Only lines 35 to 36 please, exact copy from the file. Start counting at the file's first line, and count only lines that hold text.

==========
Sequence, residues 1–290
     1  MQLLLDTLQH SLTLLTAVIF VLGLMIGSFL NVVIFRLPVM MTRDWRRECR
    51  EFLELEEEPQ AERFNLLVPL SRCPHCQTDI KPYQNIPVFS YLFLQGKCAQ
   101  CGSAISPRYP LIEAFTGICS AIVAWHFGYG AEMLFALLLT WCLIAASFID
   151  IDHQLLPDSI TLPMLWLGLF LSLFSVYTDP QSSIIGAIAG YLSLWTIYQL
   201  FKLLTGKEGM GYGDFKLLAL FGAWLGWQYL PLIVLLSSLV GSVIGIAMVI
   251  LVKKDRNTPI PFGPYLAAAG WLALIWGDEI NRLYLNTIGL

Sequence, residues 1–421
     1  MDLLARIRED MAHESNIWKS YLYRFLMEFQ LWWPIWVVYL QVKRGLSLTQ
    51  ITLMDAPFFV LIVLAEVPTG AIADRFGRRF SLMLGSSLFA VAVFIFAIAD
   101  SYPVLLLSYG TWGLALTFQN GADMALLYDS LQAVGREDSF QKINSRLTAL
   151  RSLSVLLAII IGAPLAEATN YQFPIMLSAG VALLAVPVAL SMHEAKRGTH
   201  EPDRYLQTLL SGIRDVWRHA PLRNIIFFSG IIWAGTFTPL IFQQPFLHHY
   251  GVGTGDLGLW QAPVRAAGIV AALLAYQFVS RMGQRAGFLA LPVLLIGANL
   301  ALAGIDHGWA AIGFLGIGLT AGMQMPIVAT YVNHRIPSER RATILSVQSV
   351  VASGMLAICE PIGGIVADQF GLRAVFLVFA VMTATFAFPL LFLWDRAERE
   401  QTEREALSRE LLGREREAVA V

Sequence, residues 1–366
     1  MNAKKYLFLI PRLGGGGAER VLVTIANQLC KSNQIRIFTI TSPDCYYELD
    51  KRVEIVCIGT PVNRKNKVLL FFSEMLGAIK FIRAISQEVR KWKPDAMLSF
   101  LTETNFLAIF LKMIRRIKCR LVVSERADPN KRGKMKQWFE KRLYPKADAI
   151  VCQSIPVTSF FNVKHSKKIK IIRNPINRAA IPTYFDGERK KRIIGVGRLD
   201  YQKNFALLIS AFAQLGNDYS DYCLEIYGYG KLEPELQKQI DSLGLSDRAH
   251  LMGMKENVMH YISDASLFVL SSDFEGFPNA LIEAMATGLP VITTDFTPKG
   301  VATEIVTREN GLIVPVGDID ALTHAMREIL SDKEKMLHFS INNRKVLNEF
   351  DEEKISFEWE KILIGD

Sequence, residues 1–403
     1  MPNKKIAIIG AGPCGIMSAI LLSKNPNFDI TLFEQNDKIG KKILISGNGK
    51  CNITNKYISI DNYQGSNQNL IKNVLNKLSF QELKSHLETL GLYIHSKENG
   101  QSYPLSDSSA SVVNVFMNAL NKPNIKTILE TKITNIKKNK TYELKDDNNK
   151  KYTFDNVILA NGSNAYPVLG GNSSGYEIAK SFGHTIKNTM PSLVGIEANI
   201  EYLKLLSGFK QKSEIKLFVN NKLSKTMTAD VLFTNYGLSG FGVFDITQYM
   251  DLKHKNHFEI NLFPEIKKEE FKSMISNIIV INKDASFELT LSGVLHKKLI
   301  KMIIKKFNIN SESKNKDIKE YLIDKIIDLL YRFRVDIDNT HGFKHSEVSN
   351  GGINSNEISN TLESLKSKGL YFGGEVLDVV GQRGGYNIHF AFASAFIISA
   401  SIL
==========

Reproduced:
   351  GGINSNEISN TLESLKSKGL YFGGEVLDVV GQRGGYNIHF AFASAFIISA
   401  SIL